As I reviewed the many documents received from interested parties with their varying views, a clear theme emerged: that everything we debate today is subject to EU legislation and that any changes will have to wait until post BREXIT.  What an appalling state of affairs. How can we ever have found   ourselves in a situation whereby the review of the wellbeing of animals is bogged down and hindered in the bureaucracy of The European Union? We are not free to act. If I needed further incentive or evidence (and I don’t!) that BREXIT is critical to the wellbeing of the Country – as well as animals – then it is here in abundance. It is worth noting our UK animal welfare standards are amongst the highest in the World. From farm to fork, our farmers care and so do the majority of the nation. If only the EU could match our welfare standards in terms of the reality of what happens as opposed to what should happen. Too frequently they don’t. Further, once live animals leave our shores we have justifiably grave concerns that the care, devotion and dedication that our farmers employ, is not always reflected on the Continent, as live animals make their onward journey. Nor that transit animals are routinely treated in such a way as to comply with EU regulations – which in themselves often fall short of our own standards. The UK needs rescuing from the mire of this misjudged fudgery – and so do our animals. BREXIT beckons and it really cannot come soon enough.

The Government made this Manifesto commitment: “As we leave the European Union, we can take early steps to control the export of live farm animals for slaughter.” Can I say from the outset that I endorse this proposition?

With the manifesto commitment, now this timely petition and with the Rt. Hon. Member for Chipping Barnets' Private Members Bill (regarding banning live exports) which was scheduled for debate for Friday 2nd February (but not debated in the House) there is a ground swell of opinion as never before in favour of a ban. The Rt. Hon. Member for Chipping Barnet, in securing her Private Members Bill in September 2017, made these points: Live transport of animals is regulated by the EU, but once animals leave the UK, enforcement is patchy. Cases have occurred where animals suffer from exhaustion and dehydration, in transit for days, suffering extremes of temperature and without sufficient food, water or rest. She added at a rally in Parliament square “… Successive governments have been powerless to act because EU rules prevented them from imposing a ban. When we leave the EU, Parliament will have the power to ban live exports...”  This is powerful and well argued.  I can find no good or valid reason why this type of export should continue. It seems a reasonable proposition to me that animals should be slaughtered as close to where they were raised as is practicable. The carcasses, can then be exported.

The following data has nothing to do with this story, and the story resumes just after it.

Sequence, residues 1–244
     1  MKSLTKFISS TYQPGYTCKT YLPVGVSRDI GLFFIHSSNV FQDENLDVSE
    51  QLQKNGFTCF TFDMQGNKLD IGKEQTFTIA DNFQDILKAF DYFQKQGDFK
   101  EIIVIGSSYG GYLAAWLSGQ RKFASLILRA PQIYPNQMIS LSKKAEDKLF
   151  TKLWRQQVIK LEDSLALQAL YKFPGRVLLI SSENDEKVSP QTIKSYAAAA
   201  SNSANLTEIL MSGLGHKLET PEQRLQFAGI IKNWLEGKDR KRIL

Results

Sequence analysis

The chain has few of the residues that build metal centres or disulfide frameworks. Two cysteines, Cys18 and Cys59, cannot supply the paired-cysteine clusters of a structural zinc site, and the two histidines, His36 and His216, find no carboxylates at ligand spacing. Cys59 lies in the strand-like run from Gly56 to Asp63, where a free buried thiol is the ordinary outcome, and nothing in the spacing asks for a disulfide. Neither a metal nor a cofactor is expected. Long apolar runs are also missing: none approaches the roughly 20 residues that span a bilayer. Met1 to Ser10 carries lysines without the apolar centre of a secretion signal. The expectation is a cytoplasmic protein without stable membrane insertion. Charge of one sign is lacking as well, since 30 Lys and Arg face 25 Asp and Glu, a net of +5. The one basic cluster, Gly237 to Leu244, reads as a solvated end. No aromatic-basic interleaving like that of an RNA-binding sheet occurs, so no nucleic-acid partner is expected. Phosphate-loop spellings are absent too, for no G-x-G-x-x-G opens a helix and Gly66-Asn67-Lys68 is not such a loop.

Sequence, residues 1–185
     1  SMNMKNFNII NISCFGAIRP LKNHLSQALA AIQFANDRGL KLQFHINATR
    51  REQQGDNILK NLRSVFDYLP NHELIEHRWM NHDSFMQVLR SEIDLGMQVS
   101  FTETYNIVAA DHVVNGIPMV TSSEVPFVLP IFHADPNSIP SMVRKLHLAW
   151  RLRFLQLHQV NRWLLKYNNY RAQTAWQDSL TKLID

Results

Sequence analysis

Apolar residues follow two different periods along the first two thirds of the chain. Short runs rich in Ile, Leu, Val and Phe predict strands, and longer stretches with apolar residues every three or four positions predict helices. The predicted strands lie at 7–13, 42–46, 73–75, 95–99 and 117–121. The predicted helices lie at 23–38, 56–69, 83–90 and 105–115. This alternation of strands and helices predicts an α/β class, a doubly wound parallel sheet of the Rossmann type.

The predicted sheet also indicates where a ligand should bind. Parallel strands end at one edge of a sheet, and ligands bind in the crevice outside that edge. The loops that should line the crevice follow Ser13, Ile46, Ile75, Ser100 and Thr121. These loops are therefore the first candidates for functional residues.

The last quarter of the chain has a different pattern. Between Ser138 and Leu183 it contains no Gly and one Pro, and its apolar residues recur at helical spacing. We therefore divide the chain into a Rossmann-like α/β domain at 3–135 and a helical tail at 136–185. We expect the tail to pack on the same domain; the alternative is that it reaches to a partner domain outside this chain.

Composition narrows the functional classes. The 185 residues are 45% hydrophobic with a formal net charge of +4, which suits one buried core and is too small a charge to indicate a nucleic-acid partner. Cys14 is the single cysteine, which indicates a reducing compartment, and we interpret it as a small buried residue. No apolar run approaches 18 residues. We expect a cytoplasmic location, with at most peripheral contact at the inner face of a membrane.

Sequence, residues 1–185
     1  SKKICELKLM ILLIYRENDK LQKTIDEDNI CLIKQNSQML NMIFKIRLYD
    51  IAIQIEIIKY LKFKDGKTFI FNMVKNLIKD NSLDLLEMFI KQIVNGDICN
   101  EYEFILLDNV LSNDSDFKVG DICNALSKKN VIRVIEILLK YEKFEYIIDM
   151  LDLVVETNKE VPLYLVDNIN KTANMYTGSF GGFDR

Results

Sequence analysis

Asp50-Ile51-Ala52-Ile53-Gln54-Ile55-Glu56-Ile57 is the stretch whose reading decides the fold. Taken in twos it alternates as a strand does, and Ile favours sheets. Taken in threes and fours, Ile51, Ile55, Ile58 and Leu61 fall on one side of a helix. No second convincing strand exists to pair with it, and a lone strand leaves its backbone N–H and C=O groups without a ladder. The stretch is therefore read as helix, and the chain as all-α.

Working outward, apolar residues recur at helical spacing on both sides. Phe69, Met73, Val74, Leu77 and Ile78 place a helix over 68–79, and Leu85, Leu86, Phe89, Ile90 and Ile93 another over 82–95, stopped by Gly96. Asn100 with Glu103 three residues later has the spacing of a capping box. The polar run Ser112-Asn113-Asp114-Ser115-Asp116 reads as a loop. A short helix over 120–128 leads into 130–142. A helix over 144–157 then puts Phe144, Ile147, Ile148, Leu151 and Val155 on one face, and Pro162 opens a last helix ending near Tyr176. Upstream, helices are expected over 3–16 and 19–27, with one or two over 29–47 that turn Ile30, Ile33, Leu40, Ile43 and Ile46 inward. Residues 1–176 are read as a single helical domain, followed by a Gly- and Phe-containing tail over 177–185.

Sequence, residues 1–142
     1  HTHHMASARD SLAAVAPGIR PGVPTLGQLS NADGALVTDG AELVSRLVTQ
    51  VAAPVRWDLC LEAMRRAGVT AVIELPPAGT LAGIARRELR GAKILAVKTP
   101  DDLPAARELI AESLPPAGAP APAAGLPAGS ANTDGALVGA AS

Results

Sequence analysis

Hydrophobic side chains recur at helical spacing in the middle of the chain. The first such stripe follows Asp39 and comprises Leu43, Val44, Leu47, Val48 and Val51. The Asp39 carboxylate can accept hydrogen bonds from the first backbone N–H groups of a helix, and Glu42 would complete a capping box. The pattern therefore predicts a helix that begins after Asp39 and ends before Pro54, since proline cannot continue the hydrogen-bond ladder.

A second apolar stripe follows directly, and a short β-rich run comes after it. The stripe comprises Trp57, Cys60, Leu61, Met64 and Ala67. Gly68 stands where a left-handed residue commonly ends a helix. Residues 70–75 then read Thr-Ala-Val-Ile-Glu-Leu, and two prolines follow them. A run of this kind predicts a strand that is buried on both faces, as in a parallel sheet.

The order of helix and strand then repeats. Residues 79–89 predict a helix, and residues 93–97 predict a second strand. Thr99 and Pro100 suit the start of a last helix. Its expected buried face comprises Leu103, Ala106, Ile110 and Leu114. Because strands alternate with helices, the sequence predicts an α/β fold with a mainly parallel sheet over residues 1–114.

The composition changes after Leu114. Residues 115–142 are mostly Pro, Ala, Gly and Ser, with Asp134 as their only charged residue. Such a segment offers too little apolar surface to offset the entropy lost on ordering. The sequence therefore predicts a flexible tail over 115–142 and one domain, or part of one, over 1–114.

It would be far more efficient, and the UK would benefit from up-selling and exporting the finished product.  The ban may impact some trade – for instance there is a trade in sheep (as opposed to lamb) exported for their mutton. There is a limited market for mutton in the UK so most goes for export. Mutton sheep sold in the UK for around £70 to £80 a head, are exported, live, to the EU where they make around £200 because of the higher demand there. We must oblige the trade to slaughter, then export and keep the profits locally and if they don't like it they must source their mutton elsewhere. This good meat, flavoursome and at bargain prices may well find itself trending in the UK. I would like to see that and help support our farmers and also hard-working families.  On any account, we must not put profit ahead of stopping unnecessary suffering.   It is worth mentioning that the trade in live export of horses and ponies under a certain value has long since been banned. We must now focus our concerns on other animals destined for export for slaughter.